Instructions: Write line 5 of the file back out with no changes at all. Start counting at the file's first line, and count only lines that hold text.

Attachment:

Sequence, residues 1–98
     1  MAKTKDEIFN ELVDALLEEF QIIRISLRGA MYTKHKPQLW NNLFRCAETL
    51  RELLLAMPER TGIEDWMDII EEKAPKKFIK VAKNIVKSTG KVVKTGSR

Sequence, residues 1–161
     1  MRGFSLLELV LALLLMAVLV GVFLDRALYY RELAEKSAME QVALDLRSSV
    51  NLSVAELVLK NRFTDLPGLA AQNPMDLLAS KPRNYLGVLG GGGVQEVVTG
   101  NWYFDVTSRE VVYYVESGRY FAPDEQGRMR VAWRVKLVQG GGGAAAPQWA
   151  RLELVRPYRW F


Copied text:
     1  MRGFSLLELV LALLLMAVLV GVFLDRALYY RELAEKSAME QVALDLRSSV